Maple syrup is made from sap. It has a clear appearance, just like water only that it is stickier in consistency and very sweet taste. It is liquid running up the Sugar Maple tree as an indication that it is perfect time for the tree to bud.
In its sugaring time, the makers of the maple syrup will tap maple trees as a way of extracting the sap. Maple syrup makers of today use tube system for the sap collection. The tree is drilled with hole and a small spout is place in the hole. The sap runs out of the tap into one long piece of plastic tube that can connect to more than a hundred trees at one time. The sap then runs through the tube and flowing into the main container or tank. Then the syrup makers will go on collecting the sap until the color changes. If the color starts to change, it is an indication that the trees are ready to bud.
Then the maker will take the sap to the sugar house to convert it into maple syrup. It will be strained and poured into a stainless steel cooking bin that is uncovered. In the traditional method, the bins are place on top of a hot fire fueled by wood as it is capable of burning hot and long.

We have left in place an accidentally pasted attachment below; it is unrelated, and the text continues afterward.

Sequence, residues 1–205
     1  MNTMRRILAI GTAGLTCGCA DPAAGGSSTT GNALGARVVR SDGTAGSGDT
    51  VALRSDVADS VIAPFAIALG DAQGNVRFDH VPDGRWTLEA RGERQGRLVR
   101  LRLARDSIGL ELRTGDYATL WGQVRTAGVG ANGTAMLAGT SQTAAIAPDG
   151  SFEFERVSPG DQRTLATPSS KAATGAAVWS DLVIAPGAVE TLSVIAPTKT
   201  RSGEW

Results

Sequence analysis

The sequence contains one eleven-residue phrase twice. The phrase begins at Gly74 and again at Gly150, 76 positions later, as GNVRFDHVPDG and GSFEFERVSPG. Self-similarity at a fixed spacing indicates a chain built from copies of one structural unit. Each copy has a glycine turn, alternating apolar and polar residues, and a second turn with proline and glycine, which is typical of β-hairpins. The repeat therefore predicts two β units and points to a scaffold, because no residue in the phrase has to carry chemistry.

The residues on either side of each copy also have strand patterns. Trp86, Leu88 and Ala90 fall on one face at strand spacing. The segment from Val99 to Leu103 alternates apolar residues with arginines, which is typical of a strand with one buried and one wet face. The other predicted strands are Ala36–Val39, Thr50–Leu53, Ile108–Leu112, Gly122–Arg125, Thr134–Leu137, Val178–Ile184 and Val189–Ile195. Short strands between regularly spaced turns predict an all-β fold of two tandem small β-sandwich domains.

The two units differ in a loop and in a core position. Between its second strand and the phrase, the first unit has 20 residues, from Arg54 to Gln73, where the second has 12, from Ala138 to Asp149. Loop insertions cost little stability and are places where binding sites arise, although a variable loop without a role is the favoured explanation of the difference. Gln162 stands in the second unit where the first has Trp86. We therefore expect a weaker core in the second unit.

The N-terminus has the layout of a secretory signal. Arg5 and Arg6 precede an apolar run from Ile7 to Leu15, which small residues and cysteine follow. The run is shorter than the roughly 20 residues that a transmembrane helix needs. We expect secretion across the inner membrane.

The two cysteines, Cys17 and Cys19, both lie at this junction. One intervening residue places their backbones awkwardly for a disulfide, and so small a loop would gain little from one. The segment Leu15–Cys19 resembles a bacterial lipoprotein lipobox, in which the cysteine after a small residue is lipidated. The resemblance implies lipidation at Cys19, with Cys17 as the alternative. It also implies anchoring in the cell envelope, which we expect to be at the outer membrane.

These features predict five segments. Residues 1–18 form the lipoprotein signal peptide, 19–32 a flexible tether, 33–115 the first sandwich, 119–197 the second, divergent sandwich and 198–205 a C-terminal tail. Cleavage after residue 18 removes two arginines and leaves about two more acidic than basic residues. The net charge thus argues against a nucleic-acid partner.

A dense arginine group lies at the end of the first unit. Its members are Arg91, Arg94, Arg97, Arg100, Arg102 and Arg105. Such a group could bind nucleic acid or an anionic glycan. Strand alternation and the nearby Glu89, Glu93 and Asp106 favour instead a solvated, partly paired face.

To remove the water content, the sap needs to be boiled, leaving only the sugary syrup. Then the process includes a lot of stirring, testing and skimming off the sugary foam which forms bubbles on top. The foam carries the sap impurities and if the longer you cook the syrup and the more foam will be produced. It actually takes around 30 gallons or more of sap in order to produce a single gallon of maple syrup. The completed syrup is graded and then poured into the container. There is a grade based for syrups on its color, flavor and consistency.
The fancy syrup comes in a much lighter color and has a more delicate maple flavor. A lot of people who make syrup would likely prefer the grade A medium amber that has more robust maple flavor.